DTT, is discrete trial training, gets its name from its discrete beginning and ending. It is a highly structured therapy that occurs in rapid succession. Tasks are presented until they reach a pre-determined mastery criterion. DTT is started with a cue to respond or instruction, and the child’s response is followed by reinforcement or correction.  Each time the task is presented, the same components are used in the same structured manner, as instructed by the BCBA. Because of its standardized format, DTT is easy for multiple therapists to use consistently between sessions and settings.
DTT is most commonly used for skills that require repetition or are not intrinsically motivating. It is also commonly used for new skills. This method, by its very nature, reduces environmental variables that may interfere with or take control over a child’s learning experience.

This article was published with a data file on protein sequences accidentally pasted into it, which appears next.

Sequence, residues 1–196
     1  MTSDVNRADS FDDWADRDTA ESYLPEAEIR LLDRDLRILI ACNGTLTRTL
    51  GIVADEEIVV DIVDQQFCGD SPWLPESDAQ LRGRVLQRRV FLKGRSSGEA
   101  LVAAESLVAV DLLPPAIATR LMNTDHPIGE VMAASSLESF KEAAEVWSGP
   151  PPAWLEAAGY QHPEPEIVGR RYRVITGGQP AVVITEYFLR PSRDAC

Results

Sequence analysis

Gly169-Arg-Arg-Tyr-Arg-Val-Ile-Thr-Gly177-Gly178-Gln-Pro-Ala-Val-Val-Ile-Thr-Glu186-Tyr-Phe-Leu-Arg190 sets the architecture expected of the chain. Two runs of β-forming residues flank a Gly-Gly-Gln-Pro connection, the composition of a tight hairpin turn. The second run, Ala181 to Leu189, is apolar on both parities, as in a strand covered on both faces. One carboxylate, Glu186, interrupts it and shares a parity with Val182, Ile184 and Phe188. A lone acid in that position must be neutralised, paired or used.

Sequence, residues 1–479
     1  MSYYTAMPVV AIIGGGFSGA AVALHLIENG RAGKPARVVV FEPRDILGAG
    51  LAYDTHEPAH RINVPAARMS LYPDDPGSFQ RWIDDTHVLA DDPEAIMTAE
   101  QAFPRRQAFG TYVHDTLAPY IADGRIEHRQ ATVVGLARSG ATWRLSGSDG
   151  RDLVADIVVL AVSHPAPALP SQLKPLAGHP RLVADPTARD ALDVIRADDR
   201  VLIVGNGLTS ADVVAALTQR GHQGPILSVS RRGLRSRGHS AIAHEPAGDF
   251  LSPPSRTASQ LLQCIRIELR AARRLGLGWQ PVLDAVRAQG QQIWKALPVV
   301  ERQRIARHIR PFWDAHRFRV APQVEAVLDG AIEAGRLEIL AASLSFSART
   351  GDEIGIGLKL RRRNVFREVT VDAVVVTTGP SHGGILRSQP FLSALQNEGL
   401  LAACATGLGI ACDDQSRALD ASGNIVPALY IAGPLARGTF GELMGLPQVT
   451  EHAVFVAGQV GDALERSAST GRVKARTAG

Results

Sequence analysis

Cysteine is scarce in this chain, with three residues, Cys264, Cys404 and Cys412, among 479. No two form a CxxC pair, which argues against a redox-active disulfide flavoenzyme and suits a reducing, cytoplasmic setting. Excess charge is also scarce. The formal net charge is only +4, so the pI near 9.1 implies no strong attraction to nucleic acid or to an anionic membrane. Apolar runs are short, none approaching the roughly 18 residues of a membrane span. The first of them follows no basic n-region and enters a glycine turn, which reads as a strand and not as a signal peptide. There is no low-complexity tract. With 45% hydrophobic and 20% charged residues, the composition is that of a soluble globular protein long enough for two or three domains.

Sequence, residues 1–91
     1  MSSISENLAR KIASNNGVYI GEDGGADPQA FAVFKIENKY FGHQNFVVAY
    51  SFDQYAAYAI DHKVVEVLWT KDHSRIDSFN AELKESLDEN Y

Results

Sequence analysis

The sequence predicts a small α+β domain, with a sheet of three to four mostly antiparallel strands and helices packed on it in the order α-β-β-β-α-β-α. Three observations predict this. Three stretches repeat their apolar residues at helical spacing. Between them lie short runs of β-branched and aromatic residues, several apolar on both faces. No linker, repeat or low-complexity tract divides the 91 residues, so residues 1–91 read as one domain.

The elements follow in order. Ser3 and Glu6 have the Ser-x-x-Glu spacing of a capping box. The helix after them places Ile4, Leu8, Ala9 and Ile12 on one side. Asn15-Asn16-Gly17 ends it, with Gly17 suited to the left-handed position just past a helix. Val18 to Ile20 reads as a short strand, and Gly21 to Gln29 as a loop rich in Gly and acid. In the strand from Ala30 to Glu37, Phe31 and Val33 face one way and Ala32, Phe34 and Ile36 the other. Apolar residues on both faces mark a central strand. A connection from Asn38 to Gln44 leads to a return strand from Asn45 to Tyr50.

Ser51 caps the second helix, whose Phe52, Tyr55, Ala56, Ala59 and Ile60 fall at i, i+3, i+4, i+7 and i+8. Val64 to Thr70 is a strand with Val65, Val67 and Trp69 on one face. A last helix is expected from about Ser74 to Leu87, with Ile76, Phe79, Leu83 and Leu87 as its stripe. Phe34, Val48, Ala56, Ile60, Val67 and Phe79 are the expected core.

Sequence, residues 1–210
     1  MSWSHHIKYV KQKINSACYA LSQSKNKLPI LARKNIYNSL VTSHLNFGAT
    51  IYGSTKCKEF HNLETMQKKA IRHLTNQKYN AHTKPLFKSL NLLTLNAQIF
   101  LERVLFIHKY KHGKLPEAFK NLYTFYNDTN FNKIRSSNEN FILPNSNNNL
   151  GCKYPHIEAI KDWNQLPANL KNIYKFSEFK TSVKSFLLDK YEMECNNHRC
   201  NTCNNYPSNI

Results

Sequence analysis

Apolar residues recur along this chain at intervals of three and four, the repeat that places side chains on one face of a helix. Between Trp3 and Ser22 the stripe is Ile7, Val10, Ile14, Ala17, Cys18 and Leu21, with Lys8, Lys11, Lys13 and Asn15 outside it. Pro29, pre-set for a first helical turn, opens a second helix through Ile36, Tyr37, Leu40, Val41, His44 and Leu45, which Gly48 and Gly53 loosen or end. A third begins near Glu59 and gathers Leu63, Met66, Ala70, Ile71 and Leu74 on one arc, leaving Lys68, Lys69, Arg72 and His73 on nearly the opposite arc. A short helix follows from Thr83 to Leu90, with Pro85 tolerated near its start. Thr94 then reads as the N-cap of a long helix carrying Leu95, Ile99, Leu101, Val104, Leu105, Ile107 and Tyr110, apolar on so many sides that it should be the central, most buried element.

NET, or natural environment training is what we, as parents, do with our children on a daily basis. NET occurs, as said in the name, in the natural environment. Here, a therapist will follow a child’s lead, taking advantage of a child’s natural interests and motivation to create learning opportunities. This method has many advantages! It can be used anywhere and opportunities can be created for many skills; communication, pretend play, joint attention, turn taking.

There are a few drawbacks to NET because there is not always a specific protocol or step-by-step instructions like in DTT. It can be difficult to keep up with a child’s interests and keep goals functional and the interests of a child can often change frequently. In addition, there are less obvious roles of a stimulus, reinforcer and consequence and there can be areas targeted for implementation can be limited.

Article written by Melissa Roberts, RBT